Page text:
Roberto Verzola on 27 Sep 2000 02:17:32 -0000

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[Nettime-bold] books and cdroms

 >You might not need much to read a book, but you need a whole lot of crap to
 >produce one. You might be chained to some unwieldy hardware to read a
 >cdrom, but the desktop box needed to burn 'em yourself is pretty minimal
 >considering you've got the means for nearly unlimited duplication,
 >especially when compared to the tons of crap needed for book making.

The initial thread was about the reader: why many still preferred
books to cdroms. I think that in so far as minimizing what else is
needed to read one, the book has a clear edge over the cdrom.

I do agree the debate is more interesting on the production side,
where most of the pro-cdrom arguments lie. This side has at least two
major aspects: the primarily intellectual work of creating the
original; and the primarily mechanical work of making copies.

On the creative act: I think it is still debatable whether
kbd-and-screen writing - which again requires a whole infrastructure
to support it - aids the intellectual, creative process much more than
pencil-and-paper writing. The best of the world's literature
(debatable, of course) was produced with the latter. It seems
reasonable to claim, at the very least, that the signal-to-noise ratio
is much higher with the former. I admit using mostly kbd-and-screen
today, having started some 20 years ago. Unfortunately, I realized too
late that the tool apparently becomes an unconscious but essential
part the creative writing process. If I could make the choice now, I
would have stuck with paper-and-pencil for the creative, intellectual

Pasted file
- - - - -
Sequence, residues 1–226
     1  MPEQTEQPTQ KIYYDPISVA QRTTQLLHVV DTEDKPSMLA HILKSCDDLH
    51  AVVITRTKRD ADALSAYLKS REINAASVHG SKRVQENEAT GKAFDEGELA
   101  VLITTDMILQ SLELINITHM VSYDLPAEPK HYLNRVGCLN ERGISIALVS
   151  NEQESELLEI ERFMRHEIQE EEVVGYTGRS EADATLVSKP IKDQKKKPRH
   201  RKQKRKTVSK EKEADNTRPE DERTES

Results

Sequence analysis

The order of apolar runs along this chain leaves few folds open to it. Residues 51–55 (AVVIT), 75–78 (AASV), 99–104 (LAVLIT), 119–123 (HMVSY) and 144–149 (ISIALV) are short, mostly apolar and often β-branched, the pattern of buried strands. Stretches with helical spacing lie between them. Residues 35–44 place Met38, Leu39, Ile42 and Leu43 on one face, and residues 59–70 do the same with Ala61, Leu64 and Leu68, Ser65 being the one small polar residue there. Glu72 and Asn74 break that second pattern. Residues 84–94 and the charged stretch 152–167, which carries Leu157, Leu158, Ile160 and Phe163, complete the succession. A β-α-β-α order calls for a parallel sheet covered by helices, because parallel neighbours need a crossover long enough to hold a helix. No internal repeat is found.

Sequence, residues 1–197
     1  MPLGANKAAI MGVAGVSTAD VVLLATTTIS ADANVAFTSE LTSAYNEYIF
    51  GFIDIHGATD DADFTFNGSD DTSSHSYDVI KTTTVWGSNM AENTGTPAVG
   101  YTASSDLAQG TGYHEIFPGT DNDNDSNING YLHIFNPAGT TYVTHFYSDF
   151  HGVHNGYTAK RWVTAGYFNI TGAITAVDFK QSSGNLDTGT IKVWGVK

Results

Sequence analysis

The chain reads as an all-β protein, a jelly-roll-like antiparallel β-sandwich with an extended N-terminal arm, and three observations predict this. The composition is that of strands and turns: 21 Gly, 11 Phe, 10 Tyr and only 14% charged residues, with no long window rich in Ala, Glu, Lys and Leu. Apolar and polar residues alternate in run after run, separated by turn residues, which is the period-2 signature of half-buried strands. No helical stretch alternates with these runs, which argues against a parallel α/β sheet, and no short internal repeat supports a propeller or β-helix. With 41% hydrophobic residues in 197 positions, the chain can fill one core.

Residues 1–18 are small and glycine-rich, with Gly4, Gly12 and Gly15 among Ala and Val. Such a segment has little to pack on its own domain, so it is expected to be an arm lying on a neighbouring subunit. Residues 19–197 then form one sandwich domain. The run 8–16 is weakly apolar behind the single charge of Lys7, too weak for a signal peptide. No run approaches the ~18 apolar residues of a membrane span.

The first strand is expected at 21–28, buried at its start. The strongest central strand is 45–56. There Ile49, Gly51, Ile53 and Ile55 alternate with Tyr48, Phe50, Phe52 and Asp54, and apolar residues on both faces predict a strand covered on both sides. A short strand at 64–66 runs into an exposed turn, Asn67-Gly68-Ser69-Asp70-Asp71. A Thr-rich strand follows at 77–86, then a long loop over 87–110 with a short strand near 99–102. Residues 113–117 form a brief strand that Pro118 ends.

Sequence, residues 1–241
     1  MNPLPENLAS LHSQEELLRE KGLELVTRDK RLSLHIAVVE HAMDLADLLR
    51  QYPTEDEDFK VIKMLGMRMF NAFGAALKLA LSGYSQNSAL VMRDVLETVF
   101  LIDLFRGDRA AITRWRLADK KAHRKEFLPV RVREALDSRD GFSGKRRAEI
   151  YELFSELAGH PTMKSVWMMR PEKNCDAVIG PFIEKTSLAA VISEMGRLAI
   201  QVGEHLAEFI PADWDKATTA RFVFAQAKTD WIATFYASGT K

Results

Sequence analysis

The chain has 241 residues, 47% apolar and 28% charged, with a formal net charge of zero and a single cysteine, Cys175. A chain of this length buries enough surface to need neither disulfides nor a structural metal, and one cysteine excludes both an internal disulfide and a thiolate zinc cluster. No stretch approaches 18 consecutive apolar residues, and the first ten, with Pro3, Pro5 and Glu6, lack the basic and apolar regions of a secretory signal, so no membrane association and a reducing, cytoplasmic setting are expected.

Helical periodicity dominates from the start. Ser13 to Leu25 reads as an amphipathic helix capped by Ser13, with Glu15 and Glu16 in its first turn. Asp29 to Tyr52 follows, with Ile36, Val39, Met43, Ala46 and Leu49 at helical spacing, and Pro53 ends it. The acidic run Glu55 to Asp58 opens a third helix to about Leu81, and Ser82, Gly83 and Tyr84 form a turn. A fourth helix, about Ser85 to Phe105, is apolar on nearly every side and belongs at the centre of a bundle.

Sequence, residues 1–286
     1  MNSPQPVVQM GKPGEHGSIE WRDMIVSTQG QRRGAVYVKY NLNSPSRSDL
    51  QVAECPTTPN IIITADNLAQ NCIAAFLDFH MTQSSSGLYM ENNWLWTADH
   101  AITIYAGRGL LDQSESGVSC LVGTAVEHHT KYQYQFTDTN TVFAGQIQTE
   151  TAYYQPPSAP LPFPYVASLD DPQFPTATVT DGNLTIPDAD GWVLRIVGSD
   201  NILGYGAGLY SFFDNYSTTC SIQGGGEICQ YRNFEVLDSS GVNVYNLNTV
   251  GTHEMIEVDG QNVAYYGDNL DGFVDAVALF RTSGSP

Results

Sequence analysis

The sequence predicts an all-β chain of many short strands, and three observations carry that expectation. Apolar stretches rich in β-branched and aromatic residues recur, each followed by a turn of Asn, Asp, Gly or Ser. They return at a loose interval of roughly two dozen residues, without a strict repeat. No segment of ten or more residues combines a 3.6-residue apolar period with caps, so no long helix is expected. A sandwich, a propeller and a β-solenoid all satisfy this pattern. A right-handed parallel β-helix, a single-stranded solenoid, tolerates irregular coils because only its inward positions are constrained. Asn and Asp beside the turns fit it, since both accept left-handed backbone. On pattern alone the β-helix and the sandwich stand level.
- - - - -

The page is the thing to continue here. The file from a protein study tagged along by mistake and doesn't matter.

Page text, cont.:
part and kept the infrastructural needs of my own creative process to
the minimum. Actually, I'm trying to recover my pencil-and-paper
creative writing skills, though with little success so far.

On making copies: Here, I acknowledge the cdrom's clear edge. Once on
an electronic medium, the full power of digital technology shows
itself, so that electronic copies may be made many orders of magnitude
faster and cheaper than hard copies. The social solution to the
copying issue has been the public library, which hasn't been explored
well enough I believe. It is also a solution that is most compatible
with the reader's continuing preference for the book over the video
screen. Furthermore, as a writer, one thing I'd wish for my works (as
most writer would, I suspect) is permanence; that future generations
may also see it. I would therefore suspect that most writers would
still want to see their best works in hard-copy, in book form.

I think there's a way to bring into better harmony these varied
requirements by the reader, the writer, and also the publisher (who,
by the way, can be superfluous): book-on-demand technologies.

 >To me, this is an especially interesting thread because I use a lot of that
 >old book making stuff--wood and metal type, cylinder and platen
 >presses--and happen to be right now in the middle of printing one of Alan

Today's computer-printer pair is also a hard-copy medium (minus the
cutting and binding). You must allow for technological advancements in
book-printing too. Why base your arguments on letterpress, the oldest
printing technology?

Roberto Verzola

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